Car clutch guide highlights:
- Whether your car has an automatic or manual transmission, it relies on a clutch to control the link between the gears and the engine
- The clutch usually uses friction-material discs or a fluid coupling to help it regulate the power going from the engine to the transmission
- Even race cars use clutches
Whether they have one speed or 10, cars need transmissions to move. Sure, a car without an engine or electric motor isn’t going anywhere. But without the transmission and rest of the drivetrain, an engine is just a big, complicated noisemaker. And a critical part of this whole driving process is your car’s clutch. So, how exactly does it work?
What does the clutch in a car do?
Depending on who you ask, the clutch is separate from the car’s transmission. However, as you’ll see shortly, that’s not always true. And even in cars where it is, the transmission can’t do its job without the clutch. So, they’re sort of two halves of the same whole.
Semantics aside, clutches aren’t only found in cars, Car Bibles notes. Electric drills use them, for example, as do motorcycles. Practically any device with two rotating shafts has a clutch, really. And they all use them for the same reason: to move power smoothly from one place to another. Which sometimes means keeping the power from flowing.
Here’s how this works. The clutch physically connects the engine’s flywheel with the transmission’s input shaft(s). So, when the former spins, so does the latter. And thanks to a series of interconnected gears, that spins the transmission’s output shaft, which spins the driveshaft and thus the wheels.
However, sometimes you want your wheels to stop spinning. Say, if you’re coming to a stoplight. But that would also immediately bring your engine to a screeching halt. And if you tried to start it back up, it wouldn’t be able to overcome the friction of the shafts, gears, and tires.
That’s where your car’s clutch comes in. It not only links the engine with the rest of the drivetrain, but it also lets the driver freely break and reestablish that link. That way, the engine can drive the wheels when you want to move and idle freely when you don’t.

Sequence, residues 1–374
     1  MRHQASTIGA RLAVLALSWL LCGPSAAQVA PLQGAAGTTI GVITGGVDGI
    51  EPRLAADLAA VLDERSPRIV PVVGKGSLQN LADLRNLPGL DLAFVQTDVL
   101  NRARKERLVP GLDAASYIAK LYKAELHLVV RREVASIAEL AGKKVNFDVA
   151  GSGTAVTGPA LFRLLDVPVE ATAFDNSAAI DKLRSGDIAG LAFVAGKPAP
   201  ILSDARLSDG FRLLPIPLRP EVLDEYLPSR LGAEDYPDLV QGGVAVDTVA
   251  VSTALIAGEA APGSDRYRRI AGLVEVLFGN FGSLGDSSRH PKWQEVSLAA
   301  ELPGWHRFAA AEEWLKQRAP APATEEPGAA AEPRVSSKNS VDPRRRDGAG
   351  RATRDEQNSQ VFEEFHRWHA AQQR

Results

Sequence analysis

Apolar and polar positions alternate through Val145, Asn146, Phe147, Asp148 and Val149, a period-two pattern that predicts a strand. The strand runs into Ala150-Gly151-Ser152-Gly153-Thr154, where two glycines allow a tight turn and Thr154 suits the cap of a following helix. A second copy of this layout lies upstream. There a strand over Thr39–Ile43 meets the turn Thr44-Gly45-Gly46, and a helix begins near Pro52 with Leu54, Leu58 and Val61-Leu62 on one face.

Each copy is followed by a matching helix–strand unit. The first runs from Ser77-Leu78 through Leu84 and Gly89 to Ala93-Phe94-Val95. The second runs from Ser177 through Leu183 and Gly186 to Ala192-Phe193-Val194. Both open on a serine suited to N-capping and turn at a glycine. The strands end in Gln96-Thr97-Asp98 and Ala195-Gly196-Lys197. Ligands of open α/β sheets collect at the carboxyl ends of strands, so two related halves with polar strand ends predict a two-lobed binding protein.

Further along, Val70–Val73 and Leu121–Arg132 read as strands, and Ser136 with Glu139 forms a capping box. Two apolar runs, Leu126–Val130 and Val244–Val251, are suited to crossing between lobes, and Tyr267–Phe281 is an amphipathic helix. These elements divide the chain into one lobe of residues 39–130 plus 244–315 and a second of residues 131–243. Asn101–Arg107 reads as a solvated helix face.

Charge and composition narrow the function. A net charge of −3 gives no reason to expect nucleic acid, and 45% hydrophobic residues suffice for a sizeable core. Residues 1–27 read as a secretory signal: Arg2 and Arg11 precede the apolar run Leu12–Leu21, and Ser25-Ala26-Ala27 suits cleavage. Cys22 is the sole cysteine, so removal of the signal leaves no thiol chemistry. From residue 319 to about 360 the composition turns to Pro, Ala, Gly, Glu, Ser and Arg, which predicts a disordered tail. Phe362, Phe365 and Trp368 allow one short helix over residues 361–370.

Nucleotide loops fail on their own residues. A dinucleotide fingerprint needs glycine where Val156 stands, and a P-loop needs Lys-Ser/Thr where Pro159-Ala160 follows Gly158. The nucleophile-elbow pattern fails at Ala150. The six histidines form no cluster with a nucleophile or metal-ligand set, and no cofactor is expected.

How does it do that?
Although it’s often considered one part, a typical car clutch is really an assembly of several parts:
- A cover plate
- One or more clutch discs, aka friction plates/discs or driven plates
- A pressure plate with a diaphragm/coil spring
- A release bearing with a release fork
The cover plate bolts up to the flywheel, which might explain why some consider the latter part of the clutch assembly. Regardless, it’s what spins the clutch disc(s), the real heart of the whole assembly, Car Bibles explains. The high-friction material keeps the flywheel and pressure plate stuck together, which is how power goes from the engine to the transmission. And when that power flow must stop, the pressure plate and release bearing come into play.
In the olden days, release forks were operated via cables. But while some motorcycles still have cable-operated clutches, cars with three pedals have hydraulic systems. When you press on the clutch pedal, it sends fluid from the clutch master cylinder to a piston/slave cylinder. This pushes the release fork, which presses the release bearing into the diaphragm spring. And the spring pulls the clutch plate(s) away from the cover plate, disengaging the flywheel from the transmission.
Then, when you’re ready to start moving again, releasing the pedal takes the pressure off the bearing. This lets the clutch plate(s) re-engage with the cover plate and lets the engine spin the wheels.